“You don’t have to see the whole staircase, just take the first step.”
-Martin Luther King, Jr.

Convince your mind that the task isn’t this monolithic thing you’re scaling. Instead, tell yourself that you’ll write 1-page of your 20-page paper tonight. Odds are, you’re going to write more than that, but don’t think about that. You’ve made a commitment to write one page, anything more than that is just a fortunate consequence, but it’s not what you’re setting out to achieve. Similarly, you have 200 pages of reading, choose to read 10 pages, that’s doable; maybe you’ll find a rhythm and do more, but you’ve mentally prepared for ten, that’s all you need to do.

This is the key to overcoming procrastination. It’s doing a little at a time, frequently. This sounds infinitely easier than waiting until “crunch time” and powering through, making your well of willpower run dry – that’s not helping, in fact, it’s literally doing the opposite. There’s an interesting parallel between procrastination and anxiety attacks that reinforces this point.

Anxiety attacks make people feel like their world is crumbling around them and their body reacts accordingly. Their body gets icy cold, trying to keep their primary organs functioning optimally because the anxiety is making the brain believe that it’s in real danger. The unfortunate thing is, when the anxiety attack passes, the brain thinks it’s because it reacted this way, so it reinforces the anxiety attack to happen again! That’s a cycle. In order to prevent that cycle from happening, one of the best things you can do is talk yourself through your anxiety attack, surveying your environment and telling yourself that you’re not in real danger. It’s hard, it’s not easy, but it helps to ward off reinforcing your anxiety.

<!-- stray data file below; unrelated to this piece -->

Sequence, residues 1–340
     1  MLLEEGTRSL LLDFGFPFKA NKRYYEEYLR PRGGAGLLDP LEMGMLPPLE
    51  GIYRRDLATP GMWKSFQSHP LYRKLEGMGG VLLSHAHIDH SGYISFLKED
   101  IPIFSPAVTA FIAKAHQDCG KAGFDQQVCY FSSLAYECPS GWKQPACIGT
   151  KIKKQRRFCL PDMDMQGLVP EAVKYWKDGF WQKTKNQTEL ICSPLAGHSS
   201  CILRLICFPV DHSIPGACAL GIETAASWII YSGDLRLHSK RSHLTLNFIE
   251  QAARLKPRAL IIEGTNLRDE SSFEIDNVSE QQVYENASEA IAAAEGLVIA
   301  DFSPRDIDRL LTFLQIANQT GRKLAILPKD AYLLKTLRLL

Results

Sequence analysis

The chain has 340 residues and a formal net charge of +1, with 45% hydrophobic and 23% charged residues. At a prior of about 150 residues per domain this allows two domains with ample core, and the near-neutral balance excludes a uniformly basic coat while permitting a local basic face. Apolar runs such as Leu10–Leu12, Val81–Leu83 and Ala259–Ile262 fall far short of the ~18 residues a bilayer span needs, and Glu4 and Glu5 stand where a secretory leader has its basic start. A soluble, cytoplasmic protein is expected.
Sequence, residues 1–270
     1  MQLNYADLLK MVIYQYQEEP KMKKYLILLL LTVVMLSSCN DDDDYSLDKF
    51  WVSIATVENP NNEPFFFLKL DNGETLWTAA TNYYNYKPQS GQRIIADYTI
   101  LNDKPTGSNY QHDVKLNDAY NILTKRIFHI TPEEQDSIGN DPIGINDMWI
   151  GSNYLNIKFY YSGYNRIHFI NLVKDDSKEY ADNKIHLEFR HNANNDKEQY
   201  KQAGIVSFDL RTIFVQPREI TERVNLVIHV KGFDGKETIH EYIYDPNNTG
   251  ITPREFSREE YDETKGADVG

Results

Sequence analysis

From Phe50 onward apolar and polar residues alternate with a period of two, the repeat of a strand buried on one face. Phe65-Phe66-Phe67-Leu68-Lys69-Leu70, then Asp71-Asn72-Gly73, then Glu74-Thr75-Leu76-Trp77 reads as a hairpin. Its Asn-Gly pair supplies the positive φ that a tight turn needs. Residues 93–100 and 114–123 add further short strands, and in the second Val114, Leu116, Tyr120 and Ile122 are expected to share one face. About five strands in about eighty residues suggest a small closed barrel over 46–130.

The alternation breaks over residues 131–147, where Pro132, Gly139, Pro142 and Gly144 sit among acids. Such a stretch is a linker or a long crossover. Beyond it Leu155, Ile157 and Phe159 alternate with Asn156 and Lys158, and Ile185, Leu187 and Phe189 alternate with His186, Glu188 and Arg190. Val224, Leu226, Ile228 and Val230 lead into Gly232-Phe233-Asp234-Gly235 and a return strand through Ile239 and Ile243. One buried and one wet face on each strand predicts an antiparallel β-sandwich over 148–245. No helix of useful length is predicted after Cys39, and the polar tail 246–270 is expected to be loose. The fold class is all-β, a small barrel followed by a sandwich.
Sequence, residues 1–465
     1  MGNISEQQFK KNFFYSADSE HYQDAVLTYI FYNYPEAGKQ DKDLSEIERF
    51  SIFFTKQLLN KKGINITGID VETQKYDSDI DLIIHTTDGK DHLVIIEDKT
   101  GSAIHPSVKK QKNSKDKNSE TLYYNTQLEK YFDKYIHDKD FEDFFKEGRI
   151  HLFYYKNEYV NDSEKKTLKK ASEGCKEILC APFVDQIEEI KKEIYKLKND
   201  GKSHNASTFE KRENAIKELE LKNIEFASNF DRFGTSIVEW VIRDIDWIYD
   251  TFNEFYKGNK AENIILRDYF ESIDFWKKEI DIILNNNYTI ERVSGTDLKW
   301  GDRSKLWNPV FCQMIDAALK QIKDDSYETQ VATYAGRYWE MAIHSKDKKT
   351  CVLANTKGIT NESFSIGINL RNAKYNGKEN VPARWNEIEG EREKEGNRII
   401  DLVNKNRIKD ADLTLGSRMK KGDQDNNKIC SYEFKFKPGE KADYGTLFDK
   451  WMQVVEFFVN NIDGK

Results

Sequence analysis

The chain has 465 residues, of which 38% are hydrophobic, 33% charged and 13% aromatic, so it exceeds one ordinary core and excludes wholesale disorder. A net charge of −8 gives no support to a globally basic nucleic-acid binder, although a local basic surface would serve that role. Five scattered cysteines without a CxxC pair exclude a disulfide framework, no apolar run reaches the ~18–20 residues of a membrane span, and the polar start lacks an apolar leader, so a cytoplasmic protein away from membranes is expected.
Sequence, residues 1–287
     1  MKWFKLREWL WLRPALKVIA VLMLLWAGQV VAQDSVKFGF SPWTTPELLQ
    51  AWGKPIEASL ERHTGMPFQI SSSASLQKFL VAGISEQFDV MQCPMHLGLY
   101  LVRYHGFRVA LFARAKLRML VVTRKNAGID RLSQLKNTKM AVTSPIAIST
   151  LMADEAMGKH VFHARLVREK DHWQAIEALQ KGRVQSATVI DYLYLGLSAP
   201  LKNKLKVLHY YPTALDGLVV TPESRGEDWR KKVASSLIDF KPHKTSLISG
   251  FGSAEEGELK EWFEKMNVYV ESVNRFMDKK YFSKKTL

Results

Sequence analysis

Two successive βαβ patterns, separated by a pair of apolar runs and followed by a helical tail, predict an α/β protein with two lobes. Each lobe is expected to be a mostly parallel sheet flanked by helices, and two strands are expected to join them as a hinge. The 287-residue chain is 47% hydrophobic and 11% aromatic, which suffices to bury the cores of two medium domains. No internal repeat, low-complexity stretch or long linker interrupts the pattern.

Similarly, most procrastinators only “feel” procrastination when the task is due within 24 hours. As a result, that crunch time stress is reinforced rather than abated. Unconsciously, you’re reaffirming procrastination by procrastinating because you’re showing your brain that you can complete a task with 90 minutes to spare. That reinforces procrastination. As a result, you should almost treat this as a disease. It’s not something that happens once in a while, but rather, procrastination is perpetual and by waiting until the last minute, you’re treating the symptom, not the disease.

Tackling your tasks a little at a time, frequently, is how you cure the disease. It’s constantly warding off procrastination and reinforcing positive habits. The more often you do this, the more your brain is retrained. It stops thinking about this Everest of a task, and starts thinking, “You’ve been reading 10 pages a day in no more than 10 minutes. So you have, 90 more pages of reading to do, that’s an hour and a half, you can do that.” The tasks eventually “look” less daunting, making you feel more capable of tackling them. A 20-page paper is nothing if you have two weeks to do it because your brain is accustomed to doing a page a day.

 

 

DMG